As a specific brand has NOT been selected, the active ingredient name(s) only would normally be included on the prescription. However, if the medicine is on the LMBC, the prescribing software can prompt the prescriber "to consider" if the inclusion of the brand is clinically appropriate for their patient.

Figure: MD Clinical prompting for brand inclusion consideration


Alternative Brands

Figure: Alternate Brands window appears if user selects to include brand name


ii. Prescriber selects the drug by the brand:

The prescription must still include the active ingredient name before the brand except for the LEMI items.

In MedicalDirector Clinical, ‘Include brand name on script’ is ticked by default for all LMBC drugs. The prescriber is displayed with the brands available for the selection. On printing such medication, the active ingredient appears first followed by the brand name in the bracket.  

Figure: ‘Include brand name on script’ is enabled by default for LMBC drug


Figure: The active ingredient(s) must appear first when the brand name is included



3.2 List of Excluded Medicinal Items (LEMI)

The LEMI identifies drugs which are excluded under the AIP legislation from the mandated requirement to include the active ingredient names(s) on the prescription and which therefore may be prescribed by the brand name only.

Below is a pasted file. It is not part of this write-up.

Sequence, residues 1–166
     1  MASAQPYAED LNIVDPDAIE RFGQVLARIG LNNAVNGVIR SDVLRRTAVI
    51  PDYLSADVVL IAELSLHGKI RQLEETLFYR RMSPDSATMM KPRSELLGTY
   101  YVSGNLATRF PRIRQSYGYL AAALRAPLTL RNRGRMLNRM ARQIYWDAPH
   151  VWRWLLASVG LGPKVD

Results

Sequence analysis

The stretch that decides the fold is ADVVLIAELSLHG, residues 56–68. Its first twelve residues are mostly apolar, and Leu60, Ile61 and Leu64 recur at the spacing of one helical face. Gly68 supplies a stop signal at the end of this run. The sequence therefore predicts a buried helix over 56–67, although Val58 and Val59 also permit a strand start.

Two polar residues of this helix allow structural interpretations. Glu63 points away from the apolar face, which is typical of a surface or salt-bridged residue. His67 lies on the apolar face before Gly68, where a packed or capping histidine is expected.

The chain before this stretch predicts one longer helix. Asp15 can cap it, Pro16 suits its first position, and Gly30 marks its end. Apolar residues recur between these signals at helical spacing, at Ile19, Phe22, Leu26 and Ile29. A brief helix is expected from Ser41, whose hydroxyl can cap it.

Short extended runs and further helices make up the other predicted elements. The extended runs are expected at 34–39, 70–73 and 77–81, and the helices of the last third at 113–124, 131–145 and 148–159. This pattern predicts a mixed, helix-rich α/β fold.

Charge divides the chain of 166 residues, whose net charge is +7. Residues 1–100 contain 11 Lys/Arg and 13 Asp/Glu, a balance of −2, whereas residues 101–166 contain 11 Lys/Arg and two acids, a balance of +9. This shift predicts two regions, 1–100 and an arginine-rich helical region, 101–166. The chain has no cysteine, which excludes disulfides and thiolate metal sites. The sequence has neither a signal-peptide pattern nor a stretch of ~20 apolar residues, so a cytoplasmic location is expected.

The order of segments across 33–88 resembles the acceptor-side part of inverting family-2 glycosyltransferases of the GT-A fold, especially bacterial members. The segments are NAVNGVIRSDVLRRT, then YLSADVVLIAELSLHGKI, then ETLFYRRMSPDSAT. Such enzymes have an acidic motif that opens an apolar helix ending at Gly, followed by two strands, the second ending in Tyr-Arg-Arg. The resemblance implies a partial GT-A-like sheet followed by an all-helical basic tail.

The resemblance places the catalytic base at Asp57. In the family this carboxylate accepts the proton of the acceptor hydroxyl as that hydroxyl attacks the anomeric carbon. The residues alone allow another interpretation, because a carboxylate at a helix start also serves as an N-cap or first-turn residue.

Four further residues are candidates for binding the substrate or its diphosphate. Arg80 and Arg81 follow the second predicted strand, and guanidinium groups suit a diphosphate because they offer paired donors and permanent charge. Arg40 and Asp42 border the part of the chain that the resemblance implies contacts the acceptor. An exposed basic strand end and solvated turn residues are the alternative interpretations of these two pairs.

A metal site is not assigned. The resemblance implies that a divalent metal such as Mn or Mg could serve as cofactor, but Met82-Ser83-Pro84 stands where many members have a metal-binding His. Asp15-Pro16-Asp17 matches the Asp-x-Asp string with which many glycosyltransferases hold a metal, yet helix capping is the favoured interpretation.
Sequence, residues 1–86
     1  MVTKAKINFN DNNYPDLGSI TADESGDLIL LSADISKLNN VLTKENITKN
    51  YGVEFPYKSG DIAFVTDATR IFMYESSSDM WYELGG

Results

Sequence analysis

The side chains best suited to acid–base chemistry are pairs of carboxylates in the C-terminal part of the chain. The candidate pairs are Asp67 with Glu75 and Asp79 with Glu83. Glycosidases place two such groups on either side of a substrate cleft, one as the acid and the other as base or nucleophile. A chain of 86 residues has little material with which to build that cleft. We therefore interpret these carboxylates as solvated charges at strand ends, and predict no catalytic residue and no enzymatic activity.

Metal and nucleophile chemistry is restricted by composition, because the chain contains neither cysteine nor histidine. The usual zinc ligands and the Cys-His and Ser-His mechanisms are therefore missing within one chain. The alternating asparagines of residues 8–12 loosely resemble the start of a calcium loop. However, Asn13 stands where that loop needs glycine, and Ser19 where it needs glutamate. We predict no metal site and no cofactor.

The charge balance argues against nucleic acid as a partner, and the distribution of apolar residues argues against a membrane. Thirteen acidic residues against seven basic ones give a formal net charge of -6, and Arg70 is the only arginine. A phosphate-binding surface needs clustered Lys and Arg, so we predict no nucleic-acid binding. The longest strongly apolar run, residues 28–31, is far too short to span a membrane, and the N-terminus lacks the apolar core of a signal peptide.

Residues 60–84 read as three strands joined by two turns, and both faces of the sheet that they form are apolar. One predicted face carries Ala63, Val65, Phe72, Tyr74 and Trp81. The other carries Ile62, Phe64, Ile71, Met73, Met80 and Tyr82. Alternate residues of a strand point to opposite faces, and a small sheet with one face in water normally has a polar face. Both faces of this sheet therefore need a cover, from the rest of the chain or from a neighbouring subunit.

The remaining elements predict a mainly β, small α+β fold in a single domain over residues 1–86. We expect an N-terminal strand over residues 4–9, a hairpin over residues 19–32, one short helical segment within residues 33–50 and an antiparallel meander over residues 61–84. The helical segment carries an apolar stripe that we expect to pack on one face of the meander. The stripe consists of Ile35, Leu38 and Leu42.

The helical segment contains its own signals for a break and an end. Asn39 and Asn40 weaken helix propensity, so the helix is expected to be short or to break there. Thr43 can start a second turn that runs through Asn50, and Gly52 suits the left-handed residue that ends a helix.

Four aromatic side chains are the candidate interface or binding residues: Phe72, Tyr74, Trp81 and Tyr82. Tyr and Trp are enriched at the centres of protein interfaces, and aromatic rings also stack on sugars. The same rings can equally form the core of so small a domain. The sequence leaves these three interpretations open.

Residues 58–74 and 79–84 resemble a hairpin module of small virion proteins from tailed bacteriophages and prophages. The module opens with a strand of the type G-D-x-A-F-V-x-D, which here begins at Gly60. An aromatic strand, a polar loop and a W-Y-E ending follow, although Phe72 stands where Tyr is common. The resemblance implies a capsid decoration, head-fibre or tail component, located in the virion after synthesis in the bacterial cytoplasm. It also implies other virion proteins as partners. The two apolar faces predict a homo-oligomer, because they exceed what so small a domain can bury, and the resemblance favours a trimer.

Figure: ‘Included brand name on script’ option is enabled by default for LEMI


Figure: Script with brand name only


As these drugs are specifically nominated by the legislation or identifiable by the classes, general terminology or the scenarios under which their prescribing occurs, the LEMI drugs are not subject to individual MPP identification via an AMT reference set.



4. Situations excluded under the AIP Legislations (LEMI)

This section describes the medicines and prescribing events which are excluded under the Active Ingredient Prescribing Legislations where the active ingredient name(s) are NOT mandated thereby allowing the medicinal item to be prescribed by the brand name only.

o      Handwritten prescriptions.

o      Prescriptions with four or more active ingredients9

o      Items listed under the "VARIOUS" section of the General PBS Schedule including:


       Diagnostic Agents

       General Nutrients, Food Supplements, Vitamin Supplements o Wound Assessment and Dressing Section

o      DVA has included Items listed under the "VARIOUS" section of the RPBS Schedule including:


       Diagnostic Agents

       General Nutrients, Food Supplements, Vitamin Supplements

       Other Non-Therapeutic Products

       Wound Assessment and Dressing Section

o      Computer generated paper based National Residential Medication Charts.

o      Prescriptions generated by a prescriber through a free text function within prescribing software as detailed in paragraph 6.1.

o      These requirements do not apply where it would contravene State or Territory legislation.



5. Re-Prescribe or Duplicate Script Functions

This is another common facility provided by some prescribing software systems, whereby the prescriber accesses the patient history and selects a script in the history to create a new prescription identical to the one selected.

It is important to ensure that the re-prescribed item must follow the current AIP rules and not the rules as saved when previously prescribed.



6. References



3.   factsheet13.htm